I agonized over this story. Here was Johnny Miller telling me not to
utter a word about this spot. I wanted to fish High Bridge so bad
that I would convince charter clients that this was the place to fish.
Old place but not fished recently. We were coming back from St.
Augustine when I made a wrong turn - or so I thought. There it
was this beautiful stretch of water.
"They really should have guard rails on the side of the road."
"The State isn't going to put in guard rails just to keep you from
going in the creek. Slow down for Pete's sake," yelled Annie.
Nobody fished there. Almost nobody. Johnny Miller fished there
a lot. And I wanted to fish there a lot, too.
So it was easy when Dave called to find out if I wanted to fish on my
"I'll pick you up on the way to River Breeze," he barked over the phone.
"No, no, no!" I came back. With authority and confidence I said, "we're
fishing Bulow Creek tomorrow."
"Ok, meet me at my house and we'll drive over together."
"Can I bring Robbie?"
"Of course, and just bring an 8wt."
Bulow Creek is an out-of-the-way area of many canals and connecting
saltwater lakes for mosquito control and the production of sugar cane.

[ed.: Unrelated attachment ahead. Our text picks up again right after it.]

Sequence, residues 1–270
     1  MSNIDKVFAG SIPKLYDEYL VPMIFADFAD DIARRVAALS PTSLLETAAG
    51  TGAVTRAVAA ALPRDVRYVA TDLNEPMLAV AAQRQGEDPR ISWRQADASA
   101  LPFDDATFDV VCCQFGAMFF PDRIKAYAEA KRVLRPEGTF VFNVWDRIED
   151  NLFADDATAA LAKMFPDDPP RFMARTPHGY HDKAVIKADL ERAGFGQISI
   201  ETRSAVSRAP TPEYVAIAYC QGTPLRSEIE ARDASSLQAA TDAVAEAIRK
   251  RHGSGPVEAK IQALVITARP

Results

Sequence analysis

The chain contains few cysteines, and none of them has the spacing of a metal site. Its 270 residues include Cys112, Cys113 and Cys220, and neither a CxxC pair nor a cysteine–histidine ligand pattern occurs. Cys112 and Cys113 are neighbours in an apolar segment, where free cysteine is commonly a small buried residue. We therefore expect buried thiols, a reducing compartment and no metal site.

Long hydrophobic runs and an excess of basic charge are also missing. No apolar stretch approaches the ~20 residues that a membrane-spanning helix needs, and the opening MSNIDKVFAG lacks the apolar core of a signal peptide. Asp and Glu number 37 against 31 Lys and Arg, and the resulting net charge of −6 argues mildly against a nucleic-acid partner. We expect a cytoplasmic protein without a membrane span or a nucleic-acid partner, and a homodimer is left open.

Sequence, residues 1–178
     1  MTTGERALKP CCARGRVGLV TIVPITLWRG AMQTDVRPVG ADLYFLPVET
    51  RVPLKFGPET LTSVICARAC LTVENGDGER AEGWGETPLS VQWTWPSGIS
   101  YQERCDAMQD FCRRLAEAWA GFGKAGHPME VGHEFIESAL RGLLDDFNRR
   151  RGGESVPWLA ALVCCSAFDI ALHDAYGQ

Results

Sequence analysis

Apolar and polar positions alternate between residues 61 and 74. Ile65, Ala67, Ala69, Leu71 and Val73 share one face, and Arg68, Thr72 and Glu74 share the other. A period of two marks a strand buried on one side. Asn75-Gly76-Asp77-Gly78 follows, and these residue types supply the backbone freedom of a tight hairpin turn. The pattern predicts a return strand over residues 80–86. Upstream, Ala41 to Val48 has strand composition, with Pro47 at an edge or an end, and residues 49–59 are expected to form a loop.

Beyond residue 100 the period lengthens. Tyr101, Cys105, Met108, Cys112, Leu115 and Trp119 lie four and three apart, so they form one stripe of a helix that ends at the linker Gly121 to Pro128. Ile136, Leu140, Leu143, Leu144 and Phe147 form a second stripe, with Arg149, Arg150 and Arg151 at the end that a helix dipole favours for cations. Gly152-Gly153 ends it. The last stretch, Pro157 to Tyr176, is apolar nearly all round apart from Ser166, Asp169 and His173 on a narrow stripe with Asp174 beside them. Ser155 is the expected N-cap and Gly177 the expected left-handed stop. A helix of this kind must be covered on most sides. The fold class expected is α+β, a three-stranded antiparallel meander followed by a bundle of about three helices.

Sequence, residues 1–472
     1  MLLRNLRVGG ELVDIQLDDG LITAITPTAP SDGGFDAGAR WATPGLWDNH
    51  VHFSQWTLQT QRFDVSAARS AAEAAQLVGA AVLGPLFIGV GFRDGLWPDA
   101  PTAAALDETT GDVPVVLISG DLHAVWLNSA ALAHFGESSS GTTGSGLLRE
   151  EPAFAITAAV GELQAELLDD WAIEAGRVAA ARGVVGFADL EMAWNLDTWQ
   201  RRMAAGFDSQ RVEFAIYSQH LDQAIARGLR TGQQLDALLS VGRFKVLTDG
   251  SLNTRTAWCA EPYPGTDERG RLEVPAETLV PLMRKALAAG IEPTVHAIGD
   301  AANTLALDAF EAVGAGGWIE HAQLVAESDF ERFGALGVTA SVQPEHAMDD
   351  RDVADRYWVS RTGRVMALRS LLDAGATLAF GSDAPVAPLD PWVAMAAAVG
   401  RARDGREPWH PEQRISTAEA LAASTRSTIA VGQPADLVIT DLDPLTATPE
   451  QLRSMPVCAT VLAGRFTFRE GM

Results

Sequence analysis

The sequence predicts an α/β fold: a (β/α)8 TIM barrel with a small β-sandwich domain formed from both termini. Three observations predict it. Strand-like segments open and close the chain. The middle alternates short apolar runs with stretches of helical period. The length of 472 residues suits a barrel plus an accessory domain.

A plantation was established in 1821 by Major Charles Wilhelm Bulow.
He acquired 4,675 acres of wilderness bordering a tidal creek. Using
slave labor, he cleared 2,200 acres and planted sugar cane, cotton, rice
and indigo. Major Bulow died in 1823, leaving the newly established
plantation to his seventeen-year old son, John Joachim Bulow.
J.J. Bulow became a rich planter. His sugar mill, constructed of local
"coquina" rock (broken oyster shells mixed with clay and concrete), was
the largest mill in East Florida. At the boat slips, flatboats were loaded
with barrels of raw sugar and molasses and floated down Bulow Creek
to be shipped north. This frontier industry came to an abrupt end at the
outbreak of the Second Seminole War. In January 1836, a band of
raiding Seminole Indians, resisting removal to the West, looted and
burned the plantation.
The coquina walls and chimneys of the sugar mill remain standing as a
monument to the rise and fall of the sugar plantations of East Florida.
Bulow Creek and the upper Halifax River are a nature lovers delight.
Bald eagles, red-shouldered Hawks, swallow-tailed kites, and Florida
otters are occasionally seen. The water is teeming with redfish, spotted
sea trout, snook, tarpon, jacks, and bluefish. The deep water from the
Inter-coastal Waterway brings these formidable predators south from
Matanzas Inlet and River to gorge themselves on the black and striped
mullet, pinfish, pig fish and a variety of other baits including crabs.
Bait fish and birds were everywhere. A pair of Osprey swooped
down for some late breakfast.
We launched early and got a good start despite the early morning smoke
and fog. The hardest decision was whether to go north or south. We
went south. The river was all but disserted. We saw one boat in two
hours, and we saw the same boat later in the morning when we headed
north towards Flagler.
Dave was using his Sage 8 wt and I my 8wt Wayfarer. I started off using
an orange/black hair bug. Each cast was deliberately thrown to the grass